What leads us to be creative? The concept of inspiration, closely linked to creativity, dates back to ancient Greece, where Muses brought inspiration from the Gods. Individuals can find inspiration from many different areas to create new original ideas: a novelist might develop their imagination and form new ideas by listening to variousmusical genres or looking at paintings, showing a certain continuity in the process ofcreativity. Other methods, such as relaxation, yoga, meditation or contact with nature, can help an individual set up good conditions to find inspiration and be open to new thoughts and ideas. Some artists also see in psychedelic drugs a way to enhance their

imaginations and see the world in different perspectives. The use of LSD in the 1960s and 1970s was fairly common for artists to reach a mental and physical state in which they were able to create original ideas and even years before that, numerous artists had already used substances to exploit their creative abilities. Baudelaire, for instance, is notorious for using opium while writing some of his most profound poems.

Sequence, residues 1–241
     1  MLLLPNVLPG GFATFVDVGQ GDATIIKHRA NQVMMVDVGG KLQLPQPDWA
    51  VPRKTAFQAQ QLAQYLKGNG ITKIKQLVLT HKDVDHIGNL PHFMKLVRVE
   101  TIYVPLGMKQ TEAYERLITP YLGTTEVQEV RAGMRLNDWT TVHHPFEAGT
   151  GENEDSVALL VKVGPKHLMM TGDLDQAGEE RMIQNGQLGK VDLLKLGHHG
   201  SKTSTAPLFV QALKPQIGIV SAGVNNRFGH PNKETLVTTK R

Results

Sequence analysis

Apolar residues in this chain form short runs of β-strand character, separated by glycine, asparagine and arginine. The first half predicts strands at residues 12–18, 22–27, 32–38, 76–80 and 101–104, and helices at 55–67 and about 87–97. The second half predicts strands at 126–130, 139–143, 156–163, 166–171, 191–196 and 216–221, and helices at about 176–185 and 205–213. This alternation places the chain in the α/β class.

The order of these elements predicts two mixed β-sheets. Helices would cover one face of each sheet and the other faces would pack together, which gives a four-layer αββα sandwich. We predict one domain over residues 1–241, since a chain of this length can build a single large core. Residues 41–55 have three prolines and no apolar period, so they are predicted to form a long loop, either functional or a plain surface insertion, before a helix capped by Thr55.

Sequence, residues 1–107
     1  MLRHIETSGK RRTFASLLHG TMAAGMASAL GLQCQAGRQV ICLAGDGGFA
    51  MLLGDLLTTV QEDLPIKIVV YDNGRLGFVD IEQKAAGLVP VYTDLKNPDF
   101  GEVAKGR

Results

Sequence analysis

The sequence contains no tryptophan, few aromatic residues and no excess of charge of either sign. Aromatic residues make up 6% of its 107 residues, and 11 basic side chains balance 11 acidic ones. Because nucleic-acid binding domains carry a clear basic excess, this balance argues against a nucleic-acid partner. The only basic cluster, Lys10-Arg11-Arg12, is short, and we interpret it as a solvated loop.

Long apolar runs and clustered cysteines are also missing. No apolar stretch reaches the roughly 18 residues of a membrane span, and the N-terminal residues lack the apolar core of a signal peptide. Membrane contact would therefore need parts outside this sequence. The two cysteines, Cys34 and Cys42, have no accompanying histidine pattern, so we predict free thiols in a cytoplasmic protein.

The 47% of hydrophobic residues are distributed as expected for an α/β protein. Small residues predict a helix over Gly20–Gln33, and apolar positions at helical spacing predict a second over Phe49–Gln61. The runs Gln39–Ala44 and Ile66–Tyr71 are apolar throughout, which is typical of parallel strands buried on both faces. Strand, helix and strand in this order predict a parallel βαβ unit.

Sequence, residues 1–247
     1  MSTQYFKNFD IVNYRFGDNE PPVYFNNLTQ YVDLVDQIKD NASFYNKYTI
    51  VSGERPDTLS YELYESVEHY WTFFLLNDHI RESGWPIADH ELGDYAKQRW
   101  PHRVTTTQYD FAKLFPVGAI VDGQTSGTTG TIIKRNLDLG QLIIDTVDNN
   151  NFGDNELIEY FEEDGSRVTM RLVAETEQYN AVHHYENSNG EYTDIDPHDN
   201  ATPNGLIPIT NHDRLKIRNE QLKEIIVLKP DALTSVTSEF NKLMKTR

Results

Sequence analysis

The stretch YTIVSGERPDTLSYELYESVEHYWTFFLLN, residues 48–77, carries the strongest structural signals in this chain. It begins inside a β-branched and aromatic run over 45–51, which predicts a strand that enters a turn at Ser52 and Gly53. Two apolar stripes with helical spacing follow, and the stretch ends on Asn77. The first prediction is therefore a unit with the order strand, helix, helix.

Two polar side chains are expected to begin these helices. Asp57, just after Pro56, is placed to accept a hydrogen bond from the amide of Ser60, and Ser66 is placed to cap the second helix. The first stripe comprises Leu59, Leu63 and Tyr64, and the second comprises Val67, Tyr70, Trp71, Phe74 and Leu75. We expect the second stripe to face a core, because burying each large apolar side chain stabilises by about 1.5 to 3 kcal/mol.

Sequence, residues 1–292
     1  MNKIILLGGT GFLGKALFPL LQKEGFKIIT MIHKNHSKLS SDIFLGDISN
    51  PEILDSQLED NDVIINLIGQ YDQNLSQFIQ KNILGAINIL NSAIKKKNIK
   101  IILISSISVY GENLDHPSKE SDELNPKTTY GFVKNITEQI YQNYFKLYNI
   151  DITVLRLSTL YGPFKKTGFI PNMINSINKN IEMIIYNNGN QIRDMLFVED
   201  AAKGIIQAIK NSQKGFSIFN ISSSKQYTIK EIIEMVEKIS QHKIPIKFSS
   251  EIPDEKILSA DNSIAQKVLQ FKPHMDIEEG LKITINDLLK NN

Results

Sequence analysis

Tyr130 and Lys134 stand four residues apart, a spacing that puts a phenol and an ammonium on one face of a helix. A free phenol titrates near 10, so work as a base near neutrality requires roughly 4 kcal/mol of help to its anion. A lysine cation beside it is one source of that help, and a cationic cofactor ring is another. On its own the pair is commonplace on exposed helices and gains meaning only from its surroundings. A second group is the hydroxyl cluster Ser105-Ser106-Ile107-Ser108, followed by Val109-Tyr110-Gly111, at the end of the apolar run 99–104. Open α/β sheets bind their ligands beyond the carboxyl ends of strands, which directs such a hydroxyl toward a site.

Is creativity an inherent part of us or can it be taught, enhanced, and developed? It is likely that, if you sit in a room full of people, many of them will say they are not creative.Does this mean that those people just haven’t learned particular behaviors from a young age? That they haven’t practiced creative thinking? If so, how do we begin to understand the ways we tap into this creative ‘spark’? Traumatic brain injury in some instances has sparked changes in creativity, suggesting that there may be creative traits that are not restricted to any one sort of person and may have to be potential to emerge in anyone.